I also am not sure you need to know if the file is compressed or what the compressed size is. Those facts shouldn't be terribly necessary for a restore script since SQL just handles the restore of a compressed backup for you. You don't have to tell SQL it is compressed. So you may just drop those columns altogether and only take what you require from the header to perform you restore.

  • 1
    Regarding the last question, you're right. I forgot to show the elephant in the room: why would you make your own script as long as there are some great scripts out there (like Ola Hallengren's script )?. If it's for learning and playing, yeah, sure do it, but if it's production use, at least give that one a try.
    – Marian
    Nov 23, 2012 at 14:45
  • Many thanks for a good and clear answer. Q3) was really just asking why I didn't get an error if headeronly returned uint64 and the column in my table was type bigint. But I do believe that's now been answered :) With regards to my current scenario - I've been asked to write scripts to automate (with SSMS Job Agent) our back-up process. This involves taking .baks from the DBs on our dev server here and storing & restoring them to a second machine. I included the compression columns as I was just trying to mimic the table given in the resultset. This is still one of my first ventures in SQL.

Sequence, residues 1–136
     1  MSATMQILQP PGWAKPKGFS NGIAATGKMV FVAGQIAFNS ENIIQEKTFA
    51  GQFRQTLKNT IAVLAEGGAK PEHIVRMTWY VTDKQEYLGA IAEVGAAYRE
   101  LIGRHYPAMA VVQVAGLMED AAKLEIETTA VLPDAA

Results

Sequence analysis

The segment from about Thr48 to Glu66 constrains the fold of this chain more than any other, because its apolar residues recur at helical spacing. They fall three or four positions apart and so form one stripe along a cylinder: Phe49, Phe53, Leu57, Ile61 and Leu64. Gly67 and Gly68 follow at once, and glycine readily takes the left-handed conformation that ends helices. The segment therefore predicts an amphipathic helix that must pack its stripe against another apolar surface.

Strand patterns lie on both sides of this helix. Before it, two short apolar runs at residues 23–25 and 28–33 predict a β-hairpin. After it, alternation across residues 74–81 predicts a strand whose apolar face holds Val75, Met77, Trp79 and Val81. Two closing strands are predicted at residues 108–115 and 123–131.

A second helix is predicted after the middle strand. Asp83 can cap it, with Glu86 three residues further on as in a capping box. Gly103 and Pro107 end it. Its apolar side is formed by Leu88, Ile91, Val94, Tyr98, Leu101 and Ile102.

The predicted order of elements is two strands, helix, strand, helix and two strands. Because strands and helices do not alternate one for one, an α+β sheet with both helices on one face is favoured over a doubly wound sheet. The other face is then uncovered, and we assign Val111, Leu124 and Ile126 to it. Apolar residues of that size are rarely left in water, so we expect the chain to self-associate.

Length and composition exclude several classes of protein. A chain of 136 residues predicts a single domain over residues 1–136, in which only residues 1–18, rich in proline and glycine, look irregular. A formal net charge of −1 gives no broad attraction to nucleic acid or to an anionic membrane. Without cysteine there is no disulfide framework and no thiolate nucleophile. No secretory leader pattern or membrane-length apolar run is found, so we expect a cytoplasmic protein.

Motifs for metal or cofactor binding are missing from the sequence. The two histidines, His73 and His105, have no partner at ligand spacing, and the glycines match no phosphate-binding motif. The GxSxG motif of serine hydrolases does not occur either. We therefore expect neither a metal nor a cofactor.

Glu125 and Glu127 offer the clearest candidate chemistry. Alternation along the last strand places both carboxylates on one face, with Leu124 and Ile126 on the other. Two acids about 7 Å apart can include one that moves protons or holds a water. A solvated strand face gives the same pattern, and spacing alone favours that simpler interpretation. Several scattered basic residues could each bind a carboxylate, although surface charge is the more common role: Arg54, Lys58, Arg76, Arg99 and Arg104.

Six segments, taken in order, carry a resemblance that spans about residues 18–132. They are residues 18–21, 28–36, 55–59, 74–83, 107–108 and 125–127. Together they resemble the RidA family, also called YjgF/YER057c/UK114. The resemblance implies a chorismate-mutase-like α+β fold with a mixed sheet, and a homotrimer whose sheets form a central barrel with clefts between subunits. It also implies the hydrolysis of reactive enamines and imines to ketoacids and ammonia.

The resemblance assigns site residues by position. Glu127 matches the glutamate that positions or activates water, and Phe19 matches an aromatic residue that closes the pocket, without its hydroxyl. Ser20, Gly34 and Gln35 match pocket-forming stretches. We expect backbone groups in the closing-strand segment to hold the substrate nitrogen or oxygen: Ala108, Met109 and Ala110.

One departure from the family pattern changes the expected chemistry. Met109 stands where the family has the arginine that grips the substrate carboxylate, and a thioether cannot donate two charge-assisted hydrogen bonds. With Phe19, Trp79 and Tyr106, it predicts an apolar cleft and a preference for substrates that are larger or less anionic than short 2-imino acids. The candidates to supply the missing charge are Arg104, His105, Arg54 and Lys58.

– cprlkleg
    Nov 23, 2012 at 15:11
  • No problem and best of luck! Definitely check out the internet for some scripts and check out that Ola Hallengren script Marian put in the comment a couple above this one. Less wheel reinventing for you. Have a great day.
    – Mike Walsh
    Nov 23, 2012 at 15:15

You can find the data types mapping between SQL Server and C# on MSDN. I believe that the two return types there are just a mistype in the documentation, and not the actual requirement.

Actually Uint64 should be BIGINT, as you already found, nothing else matches closely.

While BYTE(1) is equivalent to BINARY in SQL Server, not tinyint. But going through the same documentation I'd say that this one should actually be a bit data type, as the returned values are only 1 and 0.

Except for unnecessary casts, there shouldn't be any issues in the future.

Bonus answer: this can be done also in powershell scripts, SSIS packages, whatever your preference is. Do you verify anywhere the type of the backups and their order of restore?

  • And I thought I mentioned in my answer below but I only hinted at it. I'm with Marian - I believe this is a likely documentation error. I'll raise that via Connect or on the MVP discussion list to see if I'm wrong here. Looks like the uin64 was changed to BIGINT in SQL Server 2008R2 as I said below, so it looks like just the BYTE(1) remains as a potential issue.
    – Mike Walsh
    Nov 23, 2012 at 14:35

Your Answer

By clicking “Post Your Answer”, you agree to our terms of service and acknowledge you have read our privacy policy.

Not the answer you're looking for? Browse other questions tagged or ask your own question.